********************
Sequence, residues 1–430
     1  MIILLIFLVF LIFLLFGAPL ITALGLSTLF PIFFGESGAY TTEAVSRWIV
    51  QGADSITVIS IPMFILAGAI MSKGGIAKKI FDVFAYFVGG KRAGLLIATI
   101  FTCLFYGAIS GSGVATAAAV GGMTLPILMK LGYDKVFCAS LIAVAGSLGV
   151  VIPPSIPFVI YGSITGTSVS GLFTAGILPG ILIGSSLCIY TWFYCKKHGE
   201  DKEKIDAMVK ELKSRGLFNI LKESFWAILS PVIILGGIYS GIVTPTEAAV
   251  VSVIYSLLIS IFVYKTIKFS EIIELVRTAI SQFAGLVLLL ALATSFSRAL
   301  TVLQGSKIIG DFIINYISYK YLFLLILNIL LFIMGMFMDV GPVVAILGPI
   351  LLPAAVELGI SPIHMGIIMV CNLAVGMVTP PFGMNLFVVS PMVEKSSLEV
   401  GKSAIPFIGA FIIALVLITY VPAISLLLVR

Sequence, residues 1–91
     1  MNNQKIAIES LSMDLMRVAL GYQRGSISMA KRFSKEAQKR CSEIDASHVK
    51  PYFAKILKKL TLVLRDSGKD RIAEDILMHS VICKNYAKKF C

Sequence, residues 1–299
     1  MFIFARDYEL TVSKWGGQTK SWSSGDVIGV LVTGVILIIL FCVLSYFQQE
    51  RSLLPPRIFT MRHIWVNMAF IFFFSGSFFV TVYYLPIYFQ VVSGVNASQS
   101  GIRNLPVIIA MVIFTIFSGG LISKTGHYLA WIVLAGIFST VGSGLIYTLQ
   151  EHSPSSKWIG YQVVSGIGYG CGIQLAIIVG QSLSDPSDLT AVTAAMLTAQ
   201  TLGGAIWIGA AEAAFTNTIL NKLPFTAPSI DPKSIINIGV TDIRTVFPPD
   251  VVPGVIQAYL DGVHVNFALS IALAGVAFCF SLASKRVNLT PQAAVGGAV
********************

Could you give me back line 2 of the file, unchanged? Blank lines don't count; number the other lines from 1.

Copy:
     1  MIILLIFLVF LIFLLFGAPL ITALGLSTLF PIFFGESGAY TTEAVSRWIV